Picture the scene. It’s December, it’s freezing outside but no matter, as the central heating has just automatically switched itself on in your house. You’ve removed your coat, woolly hat, scarf and gloves and started preparing dinner, instructing your partner to take over this task while you disappear upstairs to run a pre-dinner bath. You’ve just enough time before your favourite soap opera is set to start by which time your dinner will be ready to serve up. What could possibly spoil your relaxing evening planned?
Cue your central heating-controlled boiler suddenly making a series of strange noises and proceeding to voluntarily switch itself off, followed by the temperature starting to dip in the house. Although not an Armageddon-style scenario panning out, anyone would agree that it’s not ideal either. So what do you do?
Well there’s two options available to you here. If you’ve not sought to arrange a dedicated add-on or standalone boiler insurance policy on your existing home insurance policy, then at this point you begin to worry, knowing that:
1. You’re going to have to try and call out a random tradesperson to come and take a look at the boiler/central heating system tonight, and
2. It’s going to cost an arm and a leg to put right.
Indeed, if it can be resolved this evening. However if you’ve had the foresight to arrange a dedicated add-on or standalone boiler insurance policy to your existing home insurance policy, then you take deep breaths and slowly begin to relax, knowing that:
1. All you need to do is contact said home insurance provider and let them (calmly) know what’s happened, so that they can quickly organise a tradesperson to come round to your (increasingly colder) house to try and resolve the unpredicted issue, and
2. it will be covered by said home insurance policy agreement, meaning that you don’t have to stump up and can instead concentrate on sourcing some chunky, cable-knit sweaters in the meantime while you wait for the front door to ring.
Conventional home insurance policies rarely cover dedicated boiler cover as standard
And all this is because, essentially (and more explicitly in answer to the question posed in the title), home insurance policies rarely (if at all) include boiler cover as standard these days; which means the ball’s in your court to provide an alternative to an as yet un-materialised problem. Knowing that if and when your boiler does decide to pack up, you have the contingency plans in place to save time, trouble and money.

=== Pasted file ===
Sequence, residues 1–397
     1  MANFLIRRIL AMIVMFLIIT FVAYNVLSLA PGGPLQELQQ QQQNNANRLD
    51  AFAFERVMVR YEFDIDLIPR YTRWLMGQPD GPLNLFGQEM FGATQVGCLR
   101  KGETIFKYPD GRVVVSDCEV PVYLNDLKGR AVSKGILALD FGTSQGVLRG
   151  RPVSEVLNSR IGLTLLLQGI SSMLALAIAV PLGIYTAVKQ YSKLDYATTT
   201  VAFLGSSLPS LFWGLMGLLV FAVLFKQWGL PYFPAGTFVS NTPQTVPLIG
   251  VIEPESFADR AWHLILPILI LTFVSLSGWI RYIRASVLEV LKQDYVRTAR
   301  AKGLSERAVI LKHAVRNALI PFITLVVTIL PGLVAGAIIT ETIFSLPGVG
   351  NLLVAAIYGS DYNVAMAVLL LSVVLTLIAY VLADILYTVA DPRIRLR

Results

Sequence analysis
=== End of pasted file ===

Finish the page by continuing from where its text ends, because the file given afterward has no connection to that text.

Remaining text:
You see as far as most home insurance companies are concerned boiler breakdowns happen all too often to incorporate this eventuality in a standard policy, especially during the winter months when they’re on the receiving end of continual wear and tear by folk keen to stave off hypothermia within the confines of their home as temperatures plummet.
For the most part boiler issues tend to be the legacy of poor maintenance and irregular servicing intervals. Not only are boiler catastrophes a common occurrence, but also an expensive one at that. Again, a fact not overlooked by home insurance providers. Were you aware that fixing a boiler costs over £300 on average? Probably not. But according to experts they are, hence why insurers aren’t prepared to pay out ad infinitum on a high risk situation.
So, where does this leave you? Well, the homeowner/home insurance policyholder is left with the two clear options: they can choose to either plump for ‘emergency home cover’ or elect to purchase a ‘standalone’ policy. As opposed to just ignoring it and burying your head in the sand and hoping the day never comes.
Looking at the first option in more detail and emergency home cover is a widely-recognised ‘add-on’ feature of a standard home insurance policy and can be figured into a conventional example for as little as an extra £5 per month on your premium; yet on average costing no more than £100 annually. Alternatively the second option is to bag yourself a standalone boiler insurance plan, which again can be underwritten by your existing home insurance provider or sought elsewhere; however this is routinely the more expensive choice.